Earlier this week, we started the postmortem on the UCLA season with a look at the horrific defensive performance over the course of 2019. It is not a subjective debate. The statistical analysis used to back up the dissection was irrefutable. But the defense was not the only “hot topic” throughout the UCLA season. Some of the other declarations, both from within and out of the program, had to do with the proclaimed youth of the team, available talent, and the cupboard allegedly being left bare by the prior staff. We are going to jump into some of those issues here on the UCLA football postmortem, part 2.
UCLA Football Postmortem, Part 2
Jim Mora Left The Cupboard Bare
No one officially tied to the football program would ever make this proclamation. But it gets thrown around enough in “fan” areas to warrant addressing it quickly. It’s bunk. Just looking at nothing more than what is on the surface. To say that the former head coach left nothing but crumbs for the Chip Kelly staff to use, means you have watched very little UCLA football over the last two years. Mora had a top 25 recruiting class every year at UCLA and many of those players were still contributing in the Kelly era.
Joshua Kelley, only the eighth running back in school history to have back-to-back 1,000 yard seasons, signed with Mora. Center Boss Tagaloa was a Mora signee, albeit as a defensive lineman. You have to give Kelly and offensive line coach Justin Frye credit there for taking a very talented player and converting him to a highly valuable center. Linebackers Keisean Lucier-South, Josh Woods, Krys Barnes, Shea Pitts, Leni and Lokeni Toailoa have all been major contributors for the last two years. All came to the program under Mora.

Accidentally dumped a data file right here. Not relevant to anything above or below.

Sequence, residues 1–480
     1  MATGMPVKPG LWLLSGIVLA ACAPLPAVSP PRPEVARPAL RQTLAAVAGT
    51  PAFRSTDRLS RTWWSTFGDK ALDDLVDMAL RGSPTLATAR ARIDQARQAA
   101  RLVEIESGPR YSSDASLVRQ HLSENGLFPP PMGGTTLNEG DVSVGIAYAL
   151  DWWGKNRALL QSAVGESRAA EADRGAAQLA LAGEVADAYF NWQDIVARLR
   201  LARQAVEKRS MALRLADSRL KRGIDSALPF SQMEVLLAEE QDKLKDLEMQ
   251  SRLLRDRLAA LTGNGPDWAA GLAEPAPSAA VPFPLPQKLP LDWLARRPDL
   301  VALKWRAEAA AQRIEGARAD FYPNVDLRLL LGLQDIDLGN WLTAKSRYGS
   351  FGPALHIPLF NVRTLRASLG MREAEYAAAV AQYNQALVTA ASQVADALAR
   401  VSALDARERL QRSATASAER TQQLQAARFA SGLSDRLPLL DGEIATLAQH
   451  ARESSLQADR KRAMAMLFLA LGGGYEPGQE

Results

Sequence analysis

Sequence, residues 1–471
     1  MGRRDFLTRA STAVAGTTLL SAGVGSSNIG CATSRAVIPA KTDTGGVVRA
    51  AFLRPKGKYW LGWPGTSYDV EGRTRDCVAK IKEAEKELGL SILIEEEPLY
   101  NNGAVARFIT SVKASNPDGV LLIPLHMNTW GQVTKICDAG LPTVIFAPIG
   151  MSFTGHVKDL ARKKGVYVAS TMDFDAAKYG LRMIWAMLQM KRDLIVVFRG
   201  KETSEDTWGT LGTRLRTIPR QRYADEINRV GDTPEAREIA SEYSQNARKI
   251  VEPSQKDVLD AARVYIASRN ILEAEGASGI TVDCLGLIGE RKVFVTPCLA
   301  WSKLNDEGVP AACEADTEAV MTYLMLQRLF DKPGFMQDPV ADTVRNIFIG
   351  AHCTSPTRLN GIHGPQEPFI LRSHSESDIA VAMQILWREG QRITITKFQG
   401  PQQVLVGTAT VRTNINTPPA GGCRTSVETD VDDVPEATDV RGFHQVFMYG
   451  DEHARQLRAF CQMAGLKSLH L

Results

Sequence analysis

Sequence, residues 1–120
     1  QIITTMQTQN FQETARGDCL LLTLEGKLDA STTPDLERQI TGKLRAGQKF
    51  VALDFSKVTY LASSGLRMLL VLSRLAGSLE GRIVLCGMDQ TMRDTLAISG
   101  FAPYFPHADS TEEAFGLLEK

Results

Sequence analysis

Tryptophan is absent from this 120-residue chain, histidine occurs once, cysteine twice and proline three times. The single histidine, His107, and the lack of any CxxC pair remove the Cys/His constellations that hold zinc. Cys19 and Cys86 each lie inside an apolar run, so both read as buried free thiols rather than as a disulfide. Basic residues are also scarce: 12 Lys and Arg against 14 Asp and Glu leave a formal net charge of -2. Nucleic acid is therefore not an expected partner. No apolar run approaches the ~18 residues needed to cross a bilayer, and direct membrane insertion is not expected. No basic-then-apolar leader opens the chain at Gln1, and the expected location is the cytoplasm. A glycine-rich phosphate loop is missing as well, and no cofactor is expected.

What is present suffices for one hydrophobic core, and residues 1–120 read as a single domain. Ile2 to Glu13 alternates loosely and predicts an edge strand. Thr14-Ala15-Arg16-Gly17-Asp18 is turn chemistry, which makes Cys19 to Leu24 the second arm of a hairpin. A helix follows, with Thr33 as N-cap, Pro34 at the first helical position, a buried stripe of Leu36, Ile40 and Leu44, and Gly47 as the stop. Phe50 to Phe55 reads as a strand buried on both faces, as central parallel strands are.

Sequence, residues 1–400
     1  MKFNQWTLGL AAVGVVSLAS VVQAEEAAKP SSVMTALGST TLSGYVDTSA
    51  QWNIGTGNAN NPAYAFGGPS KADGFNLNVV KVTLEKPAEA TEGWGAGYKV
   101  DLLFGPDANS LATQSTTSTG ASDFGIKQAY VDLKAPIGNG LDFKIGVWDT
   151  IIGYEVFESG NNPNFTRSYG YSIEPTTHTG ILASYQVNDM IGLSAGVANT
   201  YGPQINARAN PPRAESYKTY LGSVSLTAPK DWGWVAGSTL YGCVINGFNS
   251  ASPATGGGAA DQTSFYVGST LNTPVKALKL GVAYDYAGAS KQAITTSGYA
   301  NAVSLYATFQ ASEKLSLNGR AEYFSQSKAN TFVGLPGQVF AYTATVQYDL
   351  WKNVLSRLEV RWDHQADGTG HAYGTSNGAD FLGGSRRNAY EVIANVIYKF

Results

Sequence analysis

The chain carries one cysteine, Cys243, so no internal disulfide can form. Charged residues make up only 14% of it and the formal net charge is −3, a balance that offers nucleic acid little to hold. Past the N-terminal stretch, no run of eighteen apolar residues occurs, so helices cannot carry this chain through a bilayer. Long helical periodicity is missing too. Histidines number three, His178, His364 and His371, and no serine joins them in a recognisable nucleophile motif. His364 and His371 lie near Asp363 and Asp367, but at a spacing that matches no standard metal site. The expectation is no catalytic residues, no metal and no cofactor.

We pointed out how horribly flawed the defense was earlier this week, but as we pointed out that was more a byproduct of the schemes not properly utilizing the talents on the field. The same was true of defensive lineman Osa Odighizuwa. The second, third, fourth, and fifth leading tacklers on the team are on the list, thanks to Mora. For that matter, starting quarterback Dorian Thompson-Robinson was a Mora-commit and Kelly-signee. We get that some he may not people’s first choice at the position, but he was there as a Mora-commit.
Any honest assessment of the previous coaching regime will acknowledge that no one did more to damage Mora’s tenure than Mora himself. He went through three offensive coordinators and three defensive coordinators in his six years. The schemes, particularly on offense, were rarely the same from one year to the next, even when there was a returning coordinator. So the staff was recruiting players to run one offense, and ultimately they would be the wrong ones to properly execute a new one a year or two later.
Every team has them. Every team has them during coaching changes. But UCLA has had a particularly high amount. Sixty-four players have left the program in one fashion or another since Chip Kelly got the job in late November 2017. We have always said not all departures are the same and that remains true. Out of the 64, five left early for the NFL. Six medically retired from the game. Thirteen were grad transfers. The reality of that category is that students who have graduated with eligibility remaining rarely stay at their original school. They have one last chance to determine their college destiny and they use it.
That leaves 40 players who left for other reasons. Some went for personal reasons. Others were exiled by the new staff. Many left because they saw their playing time was not going to be there. Brandon Burton is a starter at New Mexico. Will Lockett is third on the team in tackles at Sam Houston State. Brandon Stephens is now a DB for SMU’s nationally ranked team.